Genes are not the whole answer! The same gene can do different things at different times in your life. So there are genes and there is gene expression, how the gene acts when in a certain time and place. Think of this as manners for genes.

My genes gave me that nice dark hair when I was young. Somewhere along the way, they decided I was old enough I needed to look the part so now they give me gray hair. I am pretending they are not turning the gray to white. The Same gene for hair color but different age and different hair color. If I had a child at this age they could inherit the dark black hair of my youth but I am stuck with the old man color for no better reason than that I am getting – well older.

Now no cell is made to last forever. Cells like people need to reproduce. I hear that cells replace themselves every seven years. For argument’s sake let’s say that this is true. Why do cell mutilations keep happening? Why do cells have birth defects?

Think of this as the “copier theory of cells.” Every time a cell reproduces it makes a copy of its self. Have you ever made a copy and then when you can’t find the original had to make a copy of a copy? The more generations the copy goes through the more chance it will be fuzzy and someone will read it wrong. Older cells may get fuzzy also. The more copies the more chance for changes – mutations to creep in. Some of those changes in humans may be good things, adaptive changes. But most gene changes cause birth defects.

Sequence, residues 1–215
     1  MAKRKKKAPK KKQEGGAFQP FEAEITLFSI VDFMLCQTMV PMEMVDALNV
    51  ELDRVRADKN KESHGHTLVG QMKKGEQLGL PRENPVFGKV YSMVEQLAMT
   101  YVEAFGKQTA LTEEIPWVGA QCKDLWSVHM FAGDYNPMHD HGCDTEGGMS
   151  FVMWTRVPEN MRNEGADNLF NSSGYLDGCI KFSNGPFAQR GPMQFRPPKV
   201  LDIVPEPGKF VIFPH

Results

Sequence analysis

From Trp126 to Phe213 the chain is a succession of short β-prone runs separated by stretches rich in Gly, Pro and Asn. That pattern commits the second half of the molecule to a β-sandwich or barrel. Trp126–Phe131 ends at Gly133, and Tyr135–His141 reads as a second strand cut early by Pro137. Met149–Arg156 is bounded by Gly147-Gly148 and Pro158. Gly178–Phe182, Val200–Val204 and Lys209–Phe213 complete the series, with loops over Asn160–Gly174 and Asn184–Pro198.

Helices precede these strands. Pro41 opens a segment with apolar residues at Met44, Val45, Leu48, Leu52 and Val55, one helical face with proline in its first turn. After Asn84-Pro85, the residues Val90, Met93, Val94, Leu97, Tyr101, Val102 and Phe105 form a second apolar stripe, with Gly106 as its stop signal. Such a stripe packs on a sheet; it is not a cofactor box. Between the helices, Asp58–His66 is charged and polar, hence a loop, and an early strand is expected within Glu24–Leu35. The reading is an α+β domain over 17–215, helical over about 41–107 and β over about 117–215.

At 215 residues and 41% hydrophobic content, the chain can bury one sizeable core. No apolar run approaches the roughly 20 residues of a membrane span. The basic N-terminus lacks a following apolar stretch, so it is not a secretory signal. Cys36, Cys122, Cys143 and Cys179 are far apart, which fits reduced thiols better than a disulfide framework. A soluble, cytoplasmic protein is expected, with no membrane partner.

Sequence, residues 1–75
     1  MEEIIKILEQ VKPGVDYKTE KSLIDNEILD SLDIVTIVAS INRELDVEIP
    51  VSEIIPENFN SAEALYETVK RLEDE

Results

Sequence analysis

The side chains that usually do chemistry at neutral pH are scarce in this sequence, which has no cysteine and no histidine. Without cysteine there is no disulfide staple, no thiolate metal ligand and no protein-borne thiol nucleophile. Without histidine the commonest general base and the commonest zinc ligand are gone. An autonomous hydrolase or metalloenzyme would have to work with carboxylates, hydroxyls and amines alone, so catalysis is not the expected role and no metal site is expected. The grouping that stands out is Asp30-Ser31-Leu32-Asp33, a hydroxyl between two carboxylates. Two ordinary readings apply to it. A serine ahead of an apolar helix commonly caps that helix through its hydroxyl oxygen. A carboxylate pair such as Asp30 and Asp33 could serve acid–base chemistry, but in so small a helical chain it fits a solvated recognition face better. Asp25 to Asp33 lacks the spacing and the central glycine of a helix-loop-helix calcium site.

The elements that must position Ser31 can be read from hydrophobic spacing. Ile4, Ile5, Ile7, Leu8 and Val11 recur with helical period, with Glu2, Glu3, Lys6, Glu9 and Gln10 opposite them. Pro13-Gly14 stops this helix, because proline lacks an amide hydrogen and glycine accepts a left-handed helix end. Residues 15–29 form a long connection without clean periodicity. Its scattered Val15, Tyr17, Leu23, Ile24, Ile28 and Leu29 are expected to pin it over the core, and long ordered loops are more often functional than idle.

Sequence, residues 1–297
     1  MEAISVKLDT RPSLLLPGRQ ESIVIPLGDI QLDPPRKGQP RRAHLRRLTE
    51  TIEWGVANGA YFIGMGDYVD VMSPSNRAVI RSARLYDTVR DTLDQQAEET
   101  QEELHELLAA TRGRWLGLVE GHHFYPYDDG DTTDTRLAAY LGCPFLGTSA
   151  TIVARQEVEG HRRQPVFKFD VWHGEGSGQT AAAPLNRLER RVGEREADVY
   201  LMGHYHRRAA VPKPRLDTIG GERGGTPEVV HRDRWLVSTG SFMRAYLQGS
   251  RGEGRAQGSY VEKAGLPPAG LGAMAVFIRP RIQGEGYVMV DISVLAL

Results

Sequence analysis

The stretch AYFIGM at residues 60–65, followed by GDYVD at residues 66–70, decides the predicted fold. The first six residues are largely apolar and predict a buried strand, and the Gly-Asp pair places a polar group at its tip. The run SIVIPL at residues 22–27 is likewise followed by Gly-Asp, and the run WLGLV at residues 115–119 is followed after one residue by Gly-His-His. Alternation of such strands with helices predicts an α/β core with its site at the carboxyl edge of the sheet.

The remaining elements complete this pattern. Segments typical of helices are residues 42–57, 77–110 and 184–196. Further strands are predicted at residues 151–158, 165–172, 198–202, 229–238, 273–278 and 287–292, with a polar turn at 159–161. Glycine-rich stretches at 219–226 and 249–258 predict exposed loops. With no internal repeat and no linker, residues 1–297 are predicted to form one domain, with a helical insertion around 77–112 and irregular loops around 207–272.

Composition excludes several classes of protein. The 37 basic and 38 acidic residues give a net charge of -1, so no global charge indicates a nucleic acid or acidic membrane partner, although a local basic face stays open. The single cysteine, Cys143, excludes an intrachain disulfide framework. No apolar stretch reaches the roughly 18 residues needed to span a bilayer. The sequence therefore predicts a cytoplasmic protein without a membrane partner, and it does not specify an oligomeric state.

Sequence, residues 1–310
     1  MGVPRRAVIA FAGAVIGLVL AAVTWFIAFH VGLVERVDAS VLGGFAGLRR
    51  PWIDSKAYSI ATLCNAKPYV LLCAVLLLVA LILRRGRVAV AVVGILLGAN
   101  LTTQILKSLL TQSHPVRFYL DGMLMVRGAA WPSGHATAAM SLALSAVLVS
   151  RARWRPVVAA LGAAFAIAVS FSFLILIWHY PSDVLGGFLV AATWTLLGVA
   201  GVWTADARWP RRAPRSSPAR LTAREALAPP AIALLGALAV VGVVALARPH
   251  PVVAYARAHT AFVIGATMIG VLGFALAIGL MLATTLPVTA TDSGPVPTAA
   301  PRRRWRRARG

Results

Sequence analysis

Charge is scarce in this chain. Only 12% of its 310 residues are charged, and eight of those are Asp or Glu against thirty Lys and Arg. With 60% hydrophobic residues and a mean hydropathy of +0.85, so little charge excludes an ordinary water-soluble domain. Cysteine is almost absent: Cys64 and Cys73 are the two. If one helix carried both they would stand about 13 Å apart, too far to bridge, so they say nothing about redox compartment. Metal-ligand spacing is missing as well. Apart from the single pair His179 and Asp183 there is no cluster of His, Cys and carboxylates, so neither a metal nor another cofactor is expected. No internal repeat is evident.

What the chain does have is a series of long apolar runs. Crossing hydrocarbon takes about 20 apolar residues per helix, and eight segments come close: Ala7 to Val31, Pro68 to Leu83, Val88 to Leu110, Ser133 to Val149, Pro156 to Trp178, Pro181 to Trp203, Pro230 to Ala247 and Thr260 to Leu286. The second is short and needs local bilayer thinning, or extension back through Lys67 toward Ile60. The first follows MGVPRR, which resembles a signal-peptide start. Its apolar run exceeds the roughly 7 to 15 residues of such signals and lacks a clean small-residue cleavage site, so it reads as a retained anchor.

So what does being overweight or drinking alcohol have to do with birth defects? Alcohol for the record causes more preventable birth defects than anything else. Why is this?

Ever seen someone mark up an original before copying it? Imagine with me an original with white-out on it and some highlighter marks. Now before this stuff can dry the person puts the original on the copier glass and makes their copy. That messy stuff gets all over the glass. Every copy we make now has all those marks on it. They are all hard to read.

So when there are chemicals in the parents’ bloodstream, like alcohol, the copies that get made are fuzzy. More alcohol and the copies get worse. We know alcohol and drugs blur the mother’s contribution to the child’s genes. We also suspect that some chemicals may blur the father’s contribution also.

We used to think that if the mother took in too few calories bad things happened to her and the potential baby. Excess calories were stored as fat in the mother. No harm to the baby there right? Not so fast.